Here There Be Dragonflies

They say it is because of the rain.

That is the reason why there are so many dragonflies this season. Though I rarely see them unless I am in the car. Then when I am parked in a lot or waiting at a red light, one will suddenly appear, swooping in low like a chopper, buzzing my car, peering into the windshield with its large compound eyes. Perhaps it wishes to say hello or is trying to understand what sort of creature would choose to spend so much time cloistered inside a strange glass and metal box on wheels.

Dragonflies are ancient. Their ancestors have been found in fossils from when the earth was young. Yet their lifespan as flyers is only around 7 months with most of their life (2-6 years) spent in the larvae stage.

The story I am part of began long ago. I am a small part of something much bigger than I.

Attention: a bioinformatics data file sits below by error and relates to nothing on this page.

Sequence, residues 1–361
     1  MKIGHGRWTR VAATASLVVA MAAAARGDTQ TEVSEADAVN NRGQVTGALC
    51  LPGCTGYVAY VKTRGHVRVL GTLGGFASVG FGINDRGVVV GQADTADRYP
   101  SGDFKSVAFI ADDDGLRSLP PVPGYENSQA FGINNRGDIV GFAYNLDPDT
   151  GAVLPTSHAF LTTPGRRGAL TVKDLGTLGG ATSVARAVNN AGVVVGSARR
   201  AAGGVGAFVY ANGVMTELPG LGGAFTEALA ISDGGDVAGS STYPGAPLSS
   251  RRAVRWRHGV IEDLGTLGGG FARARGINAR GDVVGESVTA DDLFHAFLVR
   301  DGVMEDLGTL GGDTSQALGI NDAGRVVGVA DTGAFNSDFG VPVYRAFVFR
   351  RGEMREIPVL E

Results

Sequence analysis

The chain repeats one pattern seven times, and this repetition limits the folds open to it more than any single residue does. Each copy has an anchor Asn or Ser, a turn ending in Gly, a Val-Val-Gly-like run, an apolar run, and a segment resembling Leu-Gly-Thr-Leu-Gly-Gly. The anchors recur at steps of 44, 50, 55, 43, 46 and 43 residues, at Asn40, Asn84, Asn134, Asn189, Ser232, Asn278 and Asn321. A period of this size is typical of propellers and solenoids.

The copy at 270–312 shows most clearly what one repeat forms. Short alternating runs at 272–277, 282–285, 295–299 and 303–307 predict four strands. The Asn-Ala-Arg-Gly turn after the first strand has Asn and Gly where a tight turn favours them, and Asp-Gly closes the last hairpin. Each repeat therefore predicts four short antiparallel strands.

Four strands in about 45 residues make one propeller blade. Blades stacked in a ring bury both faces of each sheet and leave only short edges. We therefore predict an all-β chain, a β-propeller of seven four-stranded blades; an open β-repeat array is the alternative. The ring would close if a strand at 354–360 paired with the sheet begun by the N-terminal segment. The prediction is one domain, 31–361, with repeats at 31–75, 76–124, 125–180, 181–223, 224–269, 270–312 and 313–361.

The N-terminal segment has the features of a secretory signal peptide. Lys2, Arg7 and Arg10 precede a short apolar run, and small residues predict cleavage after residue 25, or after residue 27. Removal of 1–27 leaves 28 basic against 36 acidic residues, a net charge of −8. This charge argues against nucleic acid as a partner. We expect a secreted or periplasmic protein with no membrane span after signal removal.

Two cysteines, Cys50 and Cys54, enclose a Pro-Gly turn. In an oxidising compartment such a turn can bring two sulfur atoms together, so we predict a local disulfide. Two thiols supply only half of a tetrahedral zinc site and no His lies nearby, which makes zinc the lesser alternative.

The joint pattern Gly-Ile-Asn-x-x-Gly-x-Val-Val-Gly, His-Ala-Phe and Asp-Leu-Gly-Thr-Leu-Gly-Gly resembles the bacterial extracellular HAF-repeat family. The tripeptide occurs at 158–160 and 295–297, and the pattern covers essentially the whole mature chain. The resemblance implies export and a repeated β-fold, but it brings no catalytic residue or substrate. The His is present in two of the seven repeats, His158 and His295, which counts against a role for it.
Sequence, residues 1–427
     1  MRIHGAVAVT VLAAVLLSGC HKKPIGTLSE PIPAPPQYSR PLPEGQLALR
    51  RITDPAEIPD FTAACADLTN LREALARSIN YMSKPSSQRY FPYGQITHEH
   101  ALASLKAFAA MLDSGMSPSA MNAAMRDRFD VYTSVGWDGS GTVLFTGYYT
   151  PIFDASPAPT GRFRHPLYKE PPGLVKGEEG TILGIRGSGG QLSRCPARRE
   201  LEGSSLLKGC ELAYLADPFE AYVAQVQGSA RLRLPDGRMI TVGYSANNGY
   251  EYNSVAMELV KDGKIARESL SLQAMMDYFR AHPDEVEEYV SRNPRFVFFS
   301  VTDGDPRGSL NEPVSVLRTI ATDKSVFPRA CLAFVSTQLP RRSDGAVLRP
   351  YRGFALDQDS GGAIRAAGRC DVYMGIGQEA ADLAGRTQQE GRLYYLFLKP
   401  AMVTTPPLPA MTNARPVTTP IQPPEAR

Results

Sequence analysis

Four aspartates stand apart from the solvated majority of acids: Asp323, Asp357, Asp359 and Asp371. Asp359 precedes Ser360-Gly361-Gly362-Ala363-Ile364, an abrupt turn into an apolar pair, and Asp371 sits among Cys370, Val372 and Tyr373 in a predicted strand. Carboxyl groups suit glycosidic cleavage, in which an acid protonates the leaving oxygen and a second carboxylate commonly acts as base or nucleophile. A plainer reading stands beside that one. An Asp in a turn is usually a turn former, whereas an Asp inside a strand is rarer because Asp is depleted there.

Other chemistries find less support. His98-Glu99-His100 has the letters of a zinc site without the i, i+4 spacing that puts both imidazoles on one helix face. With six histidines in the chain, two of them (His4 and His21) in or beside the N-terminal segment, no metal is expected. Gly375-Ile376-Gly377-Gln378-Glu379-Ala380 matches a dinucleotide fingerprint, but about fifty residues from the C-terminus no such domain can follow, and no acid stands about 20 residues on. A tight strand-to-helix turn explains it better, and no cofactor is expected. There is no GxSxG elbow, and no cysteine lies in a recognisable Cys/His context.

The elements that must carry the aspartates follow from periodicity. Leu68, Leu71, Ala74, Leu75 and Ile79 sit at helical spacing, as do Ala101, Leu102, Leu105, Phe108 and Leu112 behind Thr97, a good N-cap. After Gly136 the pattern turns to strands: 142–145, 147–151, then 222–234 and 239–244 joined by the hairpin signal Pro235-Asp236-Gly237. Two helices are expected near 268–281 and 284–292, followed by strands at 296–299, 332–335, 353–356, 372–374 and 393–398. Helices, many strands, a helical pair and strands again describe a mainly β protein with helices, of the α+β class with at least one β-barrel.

Dragonflies are amazing flyers with the ability to move each of their four wings independently. One species migrates over 11,000 miles!

Often I long to fly, forgetting that I must be prepared to do so and that those times of preparation can seem overly long and uneventful.

Dragonflies have voracious appetites. One dragonfly can eat 30 to 100 mosquitoes a day.

There are many distractions each day that can keep me from fulfilling what I am called to do. There are many things which masquerade as what I should be partaking of. Nothing other than what I am to do and be will satisfy.

Dragonfly vision is remarkable. Their eyes encompass almost the entirety of their head. They can see everywhere except directly behind them.

How is my vision? Am I aware of all that is around me?

Do I strain too much to see what is behind me? Does the past inform my present or weigh me down?

Am I completely immersed in the joy of my flight?

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